Two of the industry's giants -- Apple and Samsung, who between them have made nearly half of the smartphones sold worldwide -- have spent the last couple of years furiously suing and countersuing over claimed patent infringements regarding those smartphones and tablet computers.
In courts in countries around the world, the two tech giants have slugged it out, with Apple winning a favorable ruling in the United States while Samsung prevailed in court cases in South Korea, Japan and Britain.
With billions of dollars of damages sought and dueling requests for sales bans, the companies have racked up more than 50 lawsuits globally, many still ongoing.
Now walking into this arena, and hoping to take advantage of an increasingly litigious atmosphere, is a new kind of player -- the "patent troll."
Also known as a patent assertion entity or a patent holding group, patent trolls don't manufacture products or supply services based on the patents they hold, but rather limit their activity to filing suits against alleged infringers to collect licensing fees, hoping companies would prefer to settle rather face lengthy court trials with unpredictable juries.
The mobile device "patent wars" involving such entities heated up last week as Google filed a lawsuit in California against an Apple- and Microsoft-backed patent group alleging its "patent dragnet" has damaged the Android platform that powers smartphones and tablets.
A litigation campaign by the patent holding group Rockstar Consortium is placing "a cloud on Google's Android platform; threatened Google's business and relationships with its customers and partners, as well as its sales of Nexus-branded Android devices," Google said in a suit filed in California.
In addition to suing Google, Rockstar has filed suits against Asus, HTC, Huawei, LG, Pantech, Samsung and ZTE, all of which offer products closely tied to the Android platform.
Google has alleged Rockstar also contacted a number of companies "to discourage them from continuing to use Google's Android platform in their devices, and to interfere with Google's business relationships."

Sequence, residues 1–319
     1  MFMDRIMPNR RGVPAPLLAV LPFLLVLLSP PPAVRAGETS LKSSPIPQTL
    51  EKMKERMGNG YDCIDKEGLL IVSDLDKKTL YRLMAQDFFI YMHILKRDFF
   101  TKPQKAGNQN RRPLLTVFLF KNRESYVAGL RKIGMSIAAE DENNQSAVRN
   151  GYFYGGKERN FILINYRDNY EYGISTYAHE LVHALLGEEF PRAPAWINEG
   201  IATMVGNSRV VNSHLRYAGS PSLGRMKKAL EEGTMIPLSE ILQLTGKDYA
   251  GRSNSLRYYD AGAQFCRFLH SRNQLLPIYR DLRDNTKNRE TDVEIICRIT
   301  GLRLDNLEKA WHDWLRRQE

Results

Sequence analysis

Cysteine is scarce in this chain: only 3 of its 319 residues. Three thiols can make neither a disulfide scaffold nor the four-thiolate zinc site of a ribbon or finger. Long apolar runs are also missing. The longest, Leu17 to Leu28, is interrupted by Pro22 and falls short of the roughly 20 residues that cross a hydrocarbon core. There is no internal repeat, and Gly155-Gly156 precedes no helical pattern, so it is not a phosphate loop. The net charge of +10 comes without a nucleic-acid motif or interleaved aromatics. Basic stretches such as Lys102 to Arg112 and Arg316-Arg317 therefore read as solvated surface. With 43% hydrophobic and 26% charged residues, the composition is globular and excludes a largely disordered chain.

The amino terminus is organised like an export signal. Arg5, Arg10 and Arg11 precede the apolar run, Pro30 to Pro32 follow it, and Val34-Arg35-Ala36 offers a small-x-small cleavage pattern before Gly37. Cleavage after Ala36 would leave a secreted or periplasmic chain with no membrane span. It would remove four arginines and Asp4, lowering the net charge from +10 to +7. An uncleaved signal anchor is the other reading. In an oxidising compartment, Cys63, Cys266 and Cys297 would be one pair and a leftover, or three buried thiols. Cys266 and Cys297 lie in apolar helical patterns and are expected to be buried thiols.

Hoping to tar Rockstar with the "patent troll" brush, Google in its suit said Rockstar "produces no products and practices no patents."
There's an element of sour grapes operating here: Google had itself attempted to purchase the portfolio of some 6,000 patents from defunct Canadian company Nortell Networks that Rockstar is using as ammunition for its infringement suits.
Google had offered $4.4 billion for the patents covering a wide range of technologies including wireless, wireless 4G, data networking, optical, voice, Internet, and semiconductors, but was outbid by the Rockstar Consortium -- which in addition to Microsoft and Apple includes BlackBerry, Ericsson and Sony -- at $4.5 billion.
Google, in filing suit, is signaling a willingness to let a jury rule that its Android platform and its Nexus 5, Nexus 7 and Nexus 10 devices do not infringe on any of the patents cited by Rockstar in its own litigation against the search giant.
Any time a jury is involved, of course, an element of uncertainty enters the picture.
Perhaps the only certainty in all of this litigious activity is the distraction it must present to the engineers, designers and sales staffs of all the companies involved who would rather their employers concentrated on creating the next round of desirable tech products to offer consumers since lawsuits do a poor job of putting products on store shelves.